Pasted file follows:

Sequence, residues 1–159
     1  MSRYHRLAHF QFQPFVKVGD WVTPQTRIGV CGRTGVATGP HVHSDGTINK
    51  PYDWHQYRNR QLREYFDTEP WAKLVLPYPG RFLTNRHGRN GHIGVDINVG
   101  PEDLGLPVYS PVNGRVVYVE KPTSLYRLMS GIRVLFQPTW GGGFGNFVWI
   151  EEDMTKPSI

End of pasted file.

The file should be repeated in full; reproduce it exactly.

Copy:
Sequence, residues 1–159
     1  MSRYHRLAHF QFQPFVKVGD WVTPQTRIGV CGRTGVATGP HVHSDGTINK
    51  PYDWHQYRNR QLREYFDTEP WAKLVLPYPG RFLTNRHGRN GHIGVDINVG
   101  PEDLGLPVYS PVNGRVVYVE KPTSLYRLMS GIRVLFQPTW GGGFGNFVWI
   151  EEDMTKPSI